Unmanned railway level crossing; rickety wooden bridge; tunnel under motorway; running across busy highways; running across busy minor roads; private bridges, walking along busy main roads after dark;

Over-cooked food or the finest cuisine; desperately gulping pints or quarts of water or sipping fine wines and delicate fruit juices

Laughing unicyclist; chatty tourists; sweating walkers staggering with huge packs;

Elderly ladies with Scotty dogs; haughty horse riders; sweating runners with water packs;

Local people with Geordie accents; people from Holland and people on a day out from London;

Welsh mountain goats visiting relatives in Brighton; people getting half an hour’s exercise from their busy lives;

And people who didn’t know enough English to read maps or signs;

Caps and hats and scarves and Nordic Walking sticks

People on their own; people in pairs; people in teams; people in groups, people in parties

Calm balloonists suspended in the sunset

Ferries plying out of Newhaven and Dover and sailing in the Solent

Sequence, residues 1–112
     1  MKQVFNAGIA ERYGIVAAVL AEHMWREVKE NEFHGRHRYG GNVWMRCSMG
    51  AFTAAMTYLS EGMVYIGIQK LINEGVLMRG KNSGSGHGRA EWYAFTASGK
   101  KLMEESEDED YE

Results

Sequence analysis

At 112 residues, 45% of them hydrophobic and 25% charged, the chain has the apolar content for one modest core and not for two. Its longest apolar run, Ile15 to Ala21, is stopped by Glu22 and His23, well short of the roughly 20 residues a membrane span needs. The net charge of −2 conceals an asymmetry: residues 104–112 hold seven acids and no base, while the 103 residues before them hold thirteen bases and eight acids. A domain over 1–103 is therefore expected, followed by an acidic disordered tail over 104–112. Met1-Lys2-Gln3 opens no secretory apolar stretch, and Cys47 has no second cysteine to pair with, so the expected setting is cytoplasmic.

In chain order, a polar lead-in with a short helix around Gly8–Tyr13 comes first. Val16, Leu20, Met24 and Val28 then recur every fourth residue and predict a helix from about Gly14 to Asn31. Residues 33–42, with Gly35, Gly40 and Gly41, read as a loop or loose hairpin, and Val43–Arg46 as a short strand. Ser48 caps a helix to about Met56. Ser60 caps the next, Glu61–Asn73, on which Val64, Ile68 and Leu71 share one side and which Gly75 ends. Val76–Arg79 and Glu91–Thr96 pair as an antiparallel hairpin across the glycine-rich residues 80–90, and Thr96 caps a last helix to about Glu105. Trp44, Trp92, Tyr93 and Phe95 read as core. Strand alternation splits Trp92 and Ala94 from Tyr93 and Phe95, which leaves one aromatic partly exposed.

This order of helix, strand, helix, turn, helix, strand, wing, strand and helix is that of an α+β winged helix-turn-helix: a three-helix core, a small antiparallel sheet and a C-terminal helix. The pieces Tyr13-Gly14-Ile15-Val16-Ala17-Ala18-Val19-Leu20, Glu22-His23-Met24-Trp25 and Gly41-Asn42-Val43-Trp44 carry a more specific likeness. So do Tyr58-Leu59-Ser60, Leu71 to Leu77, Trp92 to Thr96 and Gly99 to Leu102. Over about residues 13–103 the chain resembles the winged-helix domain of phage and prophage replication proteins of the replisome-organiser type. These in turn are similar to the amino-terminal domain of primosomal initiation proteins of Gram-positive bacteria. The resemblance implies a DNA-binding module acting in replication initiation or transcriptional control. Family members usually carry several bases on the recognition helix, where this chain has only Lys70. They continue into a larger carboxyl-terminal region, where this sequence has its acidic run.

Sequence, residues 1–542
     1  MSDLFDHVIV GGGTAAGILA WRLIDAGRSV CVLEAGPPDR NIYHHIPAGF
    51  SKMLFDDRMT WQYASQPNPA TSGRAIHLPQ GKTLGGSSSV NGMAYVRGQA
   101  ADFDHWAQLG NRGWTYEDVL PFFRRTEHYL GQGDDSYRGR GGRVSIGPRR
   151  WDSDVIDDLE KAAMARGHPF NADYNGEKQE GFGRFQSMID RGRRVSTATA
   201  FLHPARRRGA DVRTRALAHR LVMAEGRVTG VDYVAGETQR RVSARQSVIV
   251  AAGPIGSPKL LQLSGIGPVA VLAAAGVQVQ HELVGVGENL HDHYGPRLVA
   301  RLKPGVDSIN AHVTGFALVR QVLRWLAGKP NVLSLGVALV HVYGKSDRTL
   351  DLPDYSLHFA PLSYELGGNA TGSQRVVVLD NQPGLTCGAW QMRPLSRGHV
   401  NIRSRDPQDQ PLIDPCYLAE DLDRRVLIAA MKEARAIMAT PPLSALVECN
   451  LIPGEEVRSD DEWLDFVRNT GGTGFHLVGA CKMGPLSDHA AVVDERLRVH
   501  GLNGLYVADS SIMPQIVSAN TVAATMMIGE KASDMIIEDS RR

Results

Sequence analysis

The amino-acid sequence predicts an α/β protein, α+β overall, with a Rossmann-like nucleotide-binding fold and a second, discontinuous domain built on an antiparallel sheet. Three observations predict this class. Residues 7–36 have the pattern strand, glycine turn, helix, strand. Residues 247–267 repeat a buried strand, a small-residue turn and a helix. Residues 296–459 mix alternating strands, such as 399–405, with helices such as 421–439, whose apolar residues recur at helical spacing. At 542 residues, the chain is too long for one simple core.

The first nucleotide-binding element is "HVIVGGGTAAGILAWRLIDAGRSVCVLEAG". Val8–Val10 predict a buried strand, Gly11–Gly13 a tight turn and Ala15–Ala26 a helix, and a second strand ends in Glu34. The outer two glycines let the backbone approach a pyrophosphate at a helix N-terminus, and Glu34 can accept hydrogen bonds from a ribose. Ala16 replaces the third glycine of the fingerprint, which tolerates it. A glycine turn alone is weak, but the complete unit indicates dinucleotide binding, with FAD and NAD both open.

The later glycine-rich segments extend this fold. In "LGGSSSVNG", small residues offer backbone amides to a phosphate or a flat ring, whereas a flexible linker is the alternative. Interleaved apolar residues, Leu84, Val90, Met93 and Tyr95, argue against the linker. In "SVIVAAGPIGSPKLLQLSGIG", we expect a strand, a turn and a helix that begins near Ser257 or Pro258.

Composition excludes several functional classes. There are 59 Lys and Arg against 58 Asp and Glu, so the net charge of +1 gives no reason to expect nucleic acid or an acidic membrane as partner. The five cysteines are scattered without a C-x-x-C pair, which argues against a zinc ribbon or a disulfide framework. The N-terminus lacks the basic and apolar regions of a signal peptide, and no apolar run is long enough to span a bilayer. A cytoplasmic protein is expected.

17000 ft of altitude over a 100 mile walk over a six day journey, 2000 paces per mile, 200,000 paces, one at a time, for a maximum seven hours per day, thirty fours walking.

My pack at 18lbs compared with others at 12lbs, 27lbs (camping) and 55lbs (camping)

And average speed approximately 3mph including stops and breaks

No blisters, no stinging nettles, no sunburn, saved with the taste of banana-flavoured lip salve

Walking all day and then going for a stroll in the evening or then fetching the morning paper

Castles, turrets, look-out towers, churches, inns, small houses, mansions, cafes, shops and windmills

Archimedes Screw for making holes for fence posts;

Pythagoras Theorem for calculating the extra distance going round a field.

The Ghosts of Anglo Saxons, of Gauls, of French, of Roman Legionaries, of Norman Conquerors, of English long-bowmen, of religious leaders, of civil war, religious revolution and of royal escape

Oaks for our ships, limestone for our concrete,

The Greenwich Meridian ‘0’ Longitude, the start of navigation,

Admiralty Charts, free to the world, with Greenwich Meantime,

Trig points and mapping, chalk cliffs and lighthouses

Telephone calls on the top of the Downs,

My family joining in and having dinner with me at The Sportsmen and The Plough,

Socks from my sister, rucksack from my son, concern from my daughter, and support from my wife

And who would have thought that there were so many ways of fastening a gate, even for those gates standing proud and independent and separate from any fences

England, our England

A superb week

Feeling fitter than I’ve felt for years.

12th June 2009